Political Insider: RNC affirms Yobs’ delegate status
Michigan Republican strategist John Yob emerged victorious in a months-long Caribbean kerfuffle to become a delegate for the U.S. Virgin Islands at next week’s Republican National Convention in Cleveland.
The Republican National Committee effectively ruled Wednesday in favor of Yob, his wife and a slate of delegates aligned with the Yobs who won delegate seats in a sparsely attended caucus election in March.
The RNC put down the hammer on Yob’s chief adversary, Virgin Islands GOP Chairman John Canegata, ruling that Canegata’s recent re-election at a territory convention was not proper. Two factions of the Virgin Islands GOP held competing state conventions in June, Yob said.
The national party has ordered a new election for territorial party officers within 90 days.
“That’s a way bigger deal than the delegates being seated,” Yob told The Detroit News on Wednesday.
Yob, of Grand Rapids, moved his family to the Virgin Islands last fall and quickly mounted a successful campaign for one of six national convention delegate seats. Yob’s wife, Erica, and the wife of a political consulting business partner also won delegate spots.
But Canegata and longtime residences of the U.S. territory challenged the Yobs’ election in court, contending they didn’t follow party rules and weren’t registered to vote before the March 10 caucus.
The Detroit News reported on July 3 that the RNC’s Contests Committee ruled in favor of Yob and was especially critical of Canegata in a blistering June 30 report.
U.S. Dems push Flint aid
Democrats in the U.S. House are pushing Republicans in the GOP-led chamber to allow a vote on legislation that would spend $765 million to address Flint’s lead-contaminated water crisis before Congress goes on its summer recess in August.
The lawmakers said in a letter to House SpeakerPaul Ryan, R-Wisconsin, the legislation would “provide the emergency and long-term resources needed for Flint while sharing responsibility with the state of Michigan.”
The legislation, which was filed by Rep. Dan Kildee, D-Flint Township, would fund $765 million worth of infrastructure repairs, expanded health care and education access, economic development and health monitoring in Flint, according to bill supporters. Kildee’s office has said the relief package would reach $1.5 billion if is matched by Michigan’s state government, which the proposed legislation calls for.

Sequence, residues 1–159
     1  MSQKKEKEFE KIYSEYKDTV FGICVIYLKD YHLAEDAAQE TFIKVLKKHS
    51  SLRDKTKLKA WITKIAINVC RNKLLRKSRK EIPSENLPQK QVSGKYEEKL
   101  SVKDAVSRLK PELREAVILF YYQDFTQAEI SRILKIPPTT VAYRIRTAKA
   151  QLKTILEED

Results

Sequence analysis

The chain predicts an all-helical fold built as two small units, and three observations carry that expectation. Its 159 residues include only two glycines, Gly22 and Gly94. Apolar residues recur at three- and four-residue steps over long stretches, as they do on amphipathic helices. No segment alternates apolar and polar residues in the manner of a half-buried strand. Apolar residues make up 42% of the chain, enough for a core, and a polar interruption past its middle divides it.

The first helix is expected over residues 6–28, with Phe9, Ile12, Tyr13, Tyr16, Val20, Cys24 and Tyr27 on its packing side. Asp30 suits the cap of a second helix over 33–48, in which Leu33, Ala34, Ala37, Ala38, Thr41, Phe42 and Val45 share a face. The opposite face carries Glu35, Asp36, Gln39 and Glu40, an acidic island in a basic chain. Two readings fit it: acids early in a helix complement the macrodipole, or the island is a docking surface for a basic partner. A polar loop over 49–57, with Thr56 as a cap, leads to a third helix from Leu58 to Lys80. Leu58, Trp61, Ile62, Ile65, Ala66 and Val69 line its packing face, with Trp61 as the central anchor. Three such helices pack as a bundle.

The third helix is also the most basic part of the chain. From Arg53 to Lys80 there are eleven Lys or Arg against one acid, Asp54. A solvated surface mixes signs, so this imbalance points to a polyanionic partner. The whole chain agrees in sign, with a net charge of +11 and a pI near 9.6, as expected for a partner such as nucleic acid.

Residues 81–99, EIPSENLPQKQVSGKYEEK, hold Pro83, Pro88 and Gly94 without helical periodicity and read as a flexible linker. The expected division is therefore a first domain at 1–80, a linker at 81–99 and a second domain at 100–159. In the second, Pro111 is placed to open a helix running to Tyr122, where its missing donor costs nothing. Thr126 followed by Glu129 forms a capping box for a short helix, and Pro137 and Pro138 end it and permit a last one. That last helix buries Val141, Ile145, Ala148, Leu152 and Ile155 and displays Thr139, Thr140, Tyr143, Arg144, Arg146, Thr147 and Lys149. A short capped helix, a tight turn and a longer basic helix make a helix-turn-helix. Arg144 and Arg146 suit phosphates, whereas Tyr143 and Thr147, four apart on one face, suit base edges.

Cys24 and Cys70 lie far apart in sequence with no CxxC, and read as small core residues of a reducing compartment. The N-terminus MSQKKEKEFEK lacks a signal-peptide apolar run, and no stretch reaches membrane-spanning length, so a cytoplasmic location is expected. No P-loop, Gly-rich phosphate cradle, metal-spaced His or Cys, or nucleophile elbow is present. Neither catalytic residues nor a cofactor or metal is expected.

The measure, known as the Families of Flint Act, is being co-sponsored by 171 other Democrats, including Michigan’s other four Democratic House members — U.S. Reps. Sander Levin of Royal Oak, Debbie Dingell of Dearborn, Brenda Lawrence of Southfield and John Conyers of Detroit.
“The people of Flint continue to lack access to safe drinking water and need emergency funding to respond and recover to this health emergency affecting 100,000 Americans,” Kildee and the other Democratic lawmakers wrote to Ryan. “... Each day that passes that we fail to take action is a day that the children of Flint cannot get back.”
Democrats have tried unsuccessfully to attach the Flint aid package to other spending measures that have been approved this year.
The Michigan Legislature has approved more than $236 million in state aid for Flint since October, including $165 million in a current and upcoming fiscal year budget bill signed last month by Gov. Rick Snyder.
Rivals co-found new caucus
Michigan U.S. Reps. Justin Amash and Kildee are among 26 founding members of a Fourth Amendment Caucus that will focus on privacy rights and security issues in the digital age.
The Cascade Township Republican and Flint Township Democrat do not typically align on policy issues but are joining forces as part of the bipartisan legislative caucus, chaired by U.S. Reps. Zoe Lofgren, D-California, and Ted Poe, R-Texas.
The Fourth Amendment to the U.S. Constitution prohibits unreasonable searches and seizures and requires warrants to be supported by probable cause.
A caucus to defend those guaranteed rights “is needed now more than ever, and its formation illustrates the growing awareness among the American public and their representatives in Congress of the far-reaching implications of the surveillance state,” Amash said in a statement.
“In the face of difficult circumstances, some are quick to pursue extreme, unconstitutional measures; the Fourth Amendment Caucus will be a moderating influence that gives voice to countless Americans whose rights are violated by these ill-conceived policies.”
Contributors: Chad Livengood, Keith Laing and Jonathan Oosting.